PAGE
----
Lending unflinching support

19-year-old Mukesh Singh (name changed) from Champawat, Uttarakhand is yet another visually impaired individual who was denied his right to education by unaware authorities. Visually impaired people being denied the opportunity to pursue education, to write exams, to avail scribe facility etc. is one area that still needs large-scale advocacy.

Born with visual impairment and gradually losing vision, Mukesh studied in a mainstream school till 8th standard in Champawat. His father, a Postman and his mother a farmer, encouraged him to study, though they were disturbed by Mukesh’s gradual loss of vision. But he was forced to halt his education due to total vision loss in 2013 when he was just 14 years old, having no clue about how to tackle this change. Being the only child his parents started panicking too. For the next; 3 to 4 years they sought treatment in many hospitals, spending a lot of money borrowed from friends and family. In the end, they had to make peace with the fact that their son’s vision could not be restored. This left the entire family in disbelief.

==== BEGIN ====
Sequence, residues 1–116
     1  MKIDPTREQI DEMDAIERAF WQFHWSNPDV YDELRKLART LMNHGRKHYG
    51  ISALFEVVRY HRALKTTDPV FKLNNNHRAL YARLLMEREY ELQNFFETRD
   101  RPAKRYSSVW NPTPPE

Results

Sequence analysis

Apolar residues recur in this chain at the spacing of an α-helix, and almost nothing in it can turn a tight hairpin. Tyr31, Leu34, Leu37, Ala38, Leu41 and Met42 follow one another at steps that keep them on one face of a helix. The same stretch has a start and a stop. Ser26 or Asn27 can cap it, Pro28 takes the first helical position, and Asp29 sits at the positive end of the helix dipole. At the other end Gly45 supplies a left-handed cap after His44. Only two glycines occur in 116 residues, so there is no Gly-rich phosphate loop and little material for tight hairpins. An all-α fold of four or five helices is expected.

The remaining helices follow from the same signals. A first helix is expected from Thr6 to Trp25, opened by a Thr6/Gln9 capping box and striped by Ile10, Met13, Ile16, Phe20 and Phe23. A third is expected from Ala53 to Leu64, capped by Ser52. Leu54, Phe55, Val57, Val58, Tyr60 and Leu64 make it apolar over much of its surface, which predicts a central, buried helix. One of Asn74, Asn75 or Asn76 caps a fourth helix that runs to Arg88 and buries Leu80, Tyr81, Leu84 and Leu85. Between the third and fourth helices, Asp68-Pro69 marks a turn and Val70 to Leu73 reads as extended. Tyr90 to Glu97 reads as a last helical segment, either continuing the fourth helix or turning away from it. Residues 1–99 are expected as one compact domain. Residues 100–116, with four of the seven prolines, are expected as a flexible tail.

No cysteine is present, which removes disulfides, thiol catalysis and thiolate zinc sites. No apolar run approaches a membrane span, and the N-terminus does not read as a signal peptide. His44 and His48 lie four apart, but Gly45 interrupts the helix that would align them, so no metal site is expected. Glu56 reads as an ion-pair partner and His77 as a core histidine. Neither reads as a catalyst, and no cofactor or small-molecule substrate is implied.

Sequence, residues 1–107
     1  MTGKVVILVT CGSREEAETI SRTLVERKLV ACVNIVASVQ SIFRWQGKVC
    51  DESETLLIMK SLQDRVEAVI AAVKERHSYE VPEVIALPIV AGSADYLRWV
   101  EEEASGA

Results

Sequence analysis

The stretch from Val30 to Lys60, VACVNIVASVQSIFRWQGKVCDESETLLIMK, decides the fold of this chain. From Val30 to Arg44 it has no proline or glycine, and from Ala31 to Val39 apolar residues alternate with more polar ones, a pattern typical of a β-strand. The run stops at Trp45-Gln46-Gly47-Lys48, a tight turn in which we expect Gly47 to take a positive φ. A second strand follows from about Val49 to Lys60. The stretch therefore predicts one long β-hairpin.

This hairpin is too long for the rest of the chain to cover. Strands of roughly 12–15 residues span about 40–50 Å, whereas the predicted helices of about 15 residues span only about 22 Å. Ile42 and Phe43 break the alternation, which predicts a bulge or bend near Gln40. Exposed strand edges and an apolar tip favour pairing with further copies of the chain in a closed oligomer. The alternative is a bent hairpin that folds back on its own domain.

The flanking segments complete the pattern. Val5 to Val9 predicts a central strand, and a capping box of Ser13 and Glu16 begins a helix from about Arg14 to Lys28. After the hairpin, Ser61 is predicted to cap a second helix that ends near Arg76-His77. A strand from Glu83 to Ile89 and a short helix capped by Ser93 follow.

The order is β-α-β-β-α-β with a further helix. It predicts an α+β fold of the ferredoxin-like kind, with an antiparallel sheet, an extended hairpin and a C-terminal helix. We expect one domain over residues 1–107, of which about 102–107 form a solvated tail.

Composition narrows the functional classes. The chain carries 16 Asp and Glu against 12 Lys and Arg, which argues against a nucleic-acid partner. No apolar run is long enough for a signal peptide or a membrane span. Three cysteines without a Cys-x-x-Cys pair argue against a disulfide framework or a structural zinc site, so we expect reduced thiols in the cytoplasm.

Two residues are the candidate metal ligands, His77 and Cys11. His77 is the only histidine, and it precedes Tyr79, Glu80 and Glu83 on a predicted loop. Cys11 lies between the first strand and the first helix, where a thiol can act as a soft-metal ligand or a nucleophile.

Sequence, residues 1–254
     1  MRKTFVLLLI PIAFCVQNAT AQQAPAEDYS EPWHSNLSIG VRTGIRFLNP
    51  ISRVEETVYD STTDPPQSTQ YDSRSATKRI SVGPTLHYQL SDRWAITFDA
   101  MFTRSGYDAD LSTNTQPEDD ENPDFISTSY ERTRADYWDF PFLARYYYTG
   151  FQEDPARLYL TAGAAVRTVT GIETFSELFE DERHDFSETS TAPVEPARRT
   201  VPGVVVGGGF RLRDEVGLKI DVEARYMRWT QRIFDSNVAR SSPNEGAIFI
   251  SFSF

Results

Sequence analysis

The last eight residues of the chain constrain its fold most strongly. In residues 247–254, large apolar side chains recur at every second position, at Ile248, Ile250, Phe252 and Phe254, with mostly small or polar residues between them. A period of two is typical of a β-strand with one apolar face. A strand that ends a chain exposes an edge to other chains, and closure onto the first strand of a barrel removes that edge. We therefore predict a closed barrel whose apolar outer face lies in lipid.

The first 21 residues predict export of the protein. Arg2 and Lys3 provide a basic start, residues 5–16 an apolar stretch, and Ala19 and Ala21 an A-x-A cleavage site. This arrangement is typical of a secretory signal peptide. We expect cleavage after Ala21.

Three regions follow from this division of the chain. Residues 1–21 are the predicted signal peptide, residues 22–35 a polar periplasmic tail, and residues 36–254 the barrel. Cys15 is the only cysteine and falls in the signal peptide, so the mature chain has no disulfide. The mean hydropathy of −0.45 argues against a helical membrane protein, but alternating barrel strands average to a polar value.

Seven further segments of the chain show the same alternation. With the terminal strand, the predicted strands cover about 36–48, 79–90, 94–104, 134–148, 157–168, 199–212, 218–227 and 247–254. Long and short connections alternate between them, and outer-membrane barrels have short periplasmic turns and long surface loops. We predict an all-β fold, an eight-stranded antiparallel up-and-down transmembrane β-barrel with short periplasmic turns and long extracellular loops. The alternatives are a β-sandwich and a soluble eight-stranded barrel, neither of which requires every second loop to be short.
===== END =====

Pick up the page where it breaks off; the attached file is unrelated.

Mustering a lot of courage and heeding to the advice of many doctors they met, his parents instilled confidence in Mukesh. They prepared him to face any challenges ahead. For this, they decided to educate Mukesh, now 19 years old, because they believed it had the potential to change his life. But the problem arose when Mukesh applied for admission into his 10th standard through National Institute of Open Schooling (NIOS), Uttarakhand. He was denied admission in the NIOS center and suggested another center in Nainital much far away from his village.

Mukesh had learned about Eyeway from one of our older beneficiaries, Govind Singh. And so he decided to get in touch with the counselor seeking help to his problem with NIOS. Mukesh informed the counselor about his situation. Having frequently dealt with education-related issues of visually impaired, our counselor directly contacted the NIOS in Uttarakhand and intimated the legal provisions to allow enrolment to visually impaired individuals in education. This conversation made a significant difference and the authorities at NIOS allowed Mukesh’s admission once they were made aware of the rules.

Such issues of being denied equal opportunities in education are faced by visually impaired students across the country. This is still a grave issue considering the progress our country has made under the Education Act and policies. Inclusion is the key word in all these legal documents but it is casually overlooked in implementation.
On follow-up, Mukesh has been enrolled in NIOS, Uttarakhand and he will restart his education shortly. Our counselor also informed him about online libraries and physical libraries in NAB, R.K Puram and the NIOS library for further academic assistance.